Based on the initial movement of falling prey, hunting archerfish select a C-start that turns them right to where their prey is going to land and lends the speed to arrive simultaneously with prey. Our companion study suggested that the information sampled in less than 100 ms also includes the initial height of falling prey. Here, we examine which cues the fish might be using to gauge height so quickly. First, we show that binocular cues are not required: C-starts that either could or could not have used binocular information were equally fast and precise. Next, we explored whether the fish were using simplifying assumptions about the absolute size of their prey or its distance from a structured background. However, experiments with unexpected changes from the standard conditions failed to cause any errors. We then tested the hypothesis that the fish might infer depth from accommodation or from cues related to blurring in the image of their falling prey. However, the fish also determined the height of ‘fake flies’ correctly, even though their image could never be focused and their combined size and degree of blurring should have misled the fish. Our findings are not compatible with the view that archerfish use a flexible combination of cues. They also do not support the view that height is gauged relative to structures in the vicinity of starting prey. We suggest that these fish use an elaborate analysis of looming to rapidly gauge initial height.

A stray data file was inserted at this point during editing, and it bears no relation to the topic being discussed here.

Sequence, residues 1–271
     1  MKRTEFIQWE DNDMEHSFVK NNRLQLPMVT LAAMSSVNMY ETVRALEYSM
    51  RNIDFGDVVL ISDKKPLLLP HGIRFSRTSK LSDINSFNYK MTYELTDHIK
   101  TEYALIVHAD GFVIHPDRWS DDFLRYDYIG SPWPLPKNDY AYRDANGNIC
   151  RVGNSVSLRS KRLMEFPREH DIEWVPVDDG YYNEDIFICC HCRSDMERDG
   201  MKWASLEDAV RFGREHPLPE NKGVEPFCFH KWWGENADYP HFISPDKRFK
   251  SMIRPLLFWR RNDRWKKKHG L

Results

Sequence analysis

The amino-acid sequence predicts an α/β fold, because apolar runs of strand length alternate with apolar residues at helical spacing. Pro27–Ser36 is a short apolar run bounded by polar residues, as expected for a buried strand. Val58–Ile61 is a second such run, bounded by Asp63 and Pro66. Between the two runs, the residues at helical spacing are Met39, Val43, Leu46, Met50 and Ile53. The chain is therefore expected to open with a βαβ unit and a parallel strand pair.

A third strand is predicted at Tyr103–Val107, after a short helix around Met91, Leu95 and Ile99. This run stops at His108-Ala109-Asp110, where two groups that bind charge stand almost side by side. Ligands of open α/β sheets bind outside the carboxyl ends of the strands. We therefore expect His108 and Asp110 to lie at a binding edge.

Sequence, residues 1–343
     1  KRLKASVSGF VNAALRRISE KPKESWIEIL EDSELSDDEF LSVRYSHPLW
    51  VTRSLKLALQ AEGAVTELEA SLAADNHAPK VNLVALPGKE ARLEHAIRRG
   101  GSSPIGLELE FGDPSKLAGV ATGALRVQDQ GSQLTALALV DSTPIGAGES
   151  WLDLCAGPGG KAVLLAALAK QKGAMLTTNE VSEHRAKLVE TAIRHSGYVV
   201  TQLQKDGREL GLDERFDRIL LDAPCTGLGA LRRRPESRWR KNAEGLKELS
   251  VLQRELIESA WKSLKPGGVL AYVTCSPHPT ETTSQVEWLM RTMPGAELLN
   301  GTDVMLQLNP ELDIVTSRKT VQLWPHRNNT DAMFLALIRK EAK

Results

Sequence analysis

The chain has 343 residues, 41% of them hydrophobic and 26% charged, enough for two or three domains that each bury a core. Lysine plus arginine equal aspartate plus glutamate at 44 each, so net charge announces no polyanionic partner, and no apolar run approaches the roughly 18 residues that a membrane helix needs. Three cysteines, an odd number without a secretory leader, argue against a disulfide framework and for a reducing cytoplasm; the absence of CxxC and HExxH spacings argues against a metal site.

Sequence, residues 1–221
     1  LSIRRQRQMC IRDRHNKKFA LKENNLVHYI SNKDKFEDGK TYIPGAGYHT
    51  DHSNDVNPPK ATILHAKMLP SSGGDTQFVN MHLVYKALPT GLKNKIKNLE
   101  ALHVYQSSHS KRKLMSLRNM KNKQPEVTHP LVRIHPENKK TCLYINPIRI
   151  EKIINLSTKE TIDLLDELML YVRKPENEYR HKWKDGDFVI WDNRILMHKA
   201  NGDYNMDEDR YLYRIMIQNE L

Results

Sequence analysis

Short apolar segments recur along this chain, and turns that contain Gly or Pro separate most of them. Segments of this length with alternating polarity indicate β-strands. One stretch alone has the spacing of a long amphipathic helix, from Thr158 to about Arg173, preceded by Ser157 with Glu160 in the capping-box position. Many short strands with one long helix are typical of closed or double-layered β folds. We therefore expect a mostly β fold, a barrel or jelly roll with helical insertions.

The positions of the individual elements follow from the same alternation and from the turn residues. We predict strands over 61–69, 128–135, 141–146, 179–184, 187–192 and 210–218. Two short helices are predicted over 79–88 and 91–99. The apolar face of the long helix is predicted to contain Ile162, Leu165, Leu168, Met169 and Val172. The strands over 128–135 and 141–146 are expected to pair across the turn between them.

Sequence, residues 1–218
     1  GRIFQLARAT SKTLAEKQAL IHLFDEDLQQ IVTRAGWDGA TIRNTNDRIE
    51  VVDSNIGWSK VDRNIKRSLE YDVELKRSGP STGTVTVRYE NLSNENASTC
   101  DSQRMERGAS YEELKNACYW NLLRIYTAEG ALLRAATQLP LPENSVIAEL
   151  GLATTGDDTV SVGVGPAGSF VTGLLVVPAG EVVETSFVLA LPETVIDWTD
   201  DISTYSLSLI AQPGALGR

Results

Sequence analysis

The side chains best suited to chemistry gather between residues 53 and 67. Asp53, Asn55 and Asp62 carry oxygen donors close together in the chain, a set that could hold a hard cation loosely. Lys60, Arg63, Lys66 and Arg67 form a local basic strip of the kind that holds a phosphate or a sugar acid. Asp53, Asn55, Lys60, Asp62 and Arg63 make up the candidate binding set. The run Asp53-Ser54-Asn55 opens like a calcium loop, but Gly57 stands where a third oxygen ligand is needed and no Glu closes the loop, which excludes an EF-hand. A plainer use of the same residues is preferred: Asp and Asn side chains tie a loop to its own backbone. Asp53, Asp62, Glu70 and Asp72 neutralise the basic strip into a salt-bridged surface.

Archerfish dislodge aerial prey with water jets and use their predictive C-starts to secure it. Their C-starts turn the fish to the later point of impact and set the speed so that the fish arrive just in time. The starts are adjusted on the basis of information on speed, direction, timing and horizontal start position of prey movement – sampled during less than 100 ms after prey starts falling. Presently, it is unclear whether one essential parameter, the initial height of prey, can also be determined during this brief sampling time. Shooters and probably also observing bystanders already know target height – used to hit and to shape their jets – and would simply have to feed this information into their C-start circuitry. We challenged archerfish by launching initially invisible prey objects either from the expected height level, at which the fish were looking and at which they fired shots, or from more lateral positions and a lower or higher initial height. The arrangement was designed so that an analysis of the direction and the linear speed chosen by the starting fish could determine whether the C-start information is based on the expected height or on the actual height, which can be detected only after hidden prey has begun falling. Our findings demonstrate that the fish quickly estimate initial height during the initial falling phase of prey and do not simply use the expected height level to which they were cued.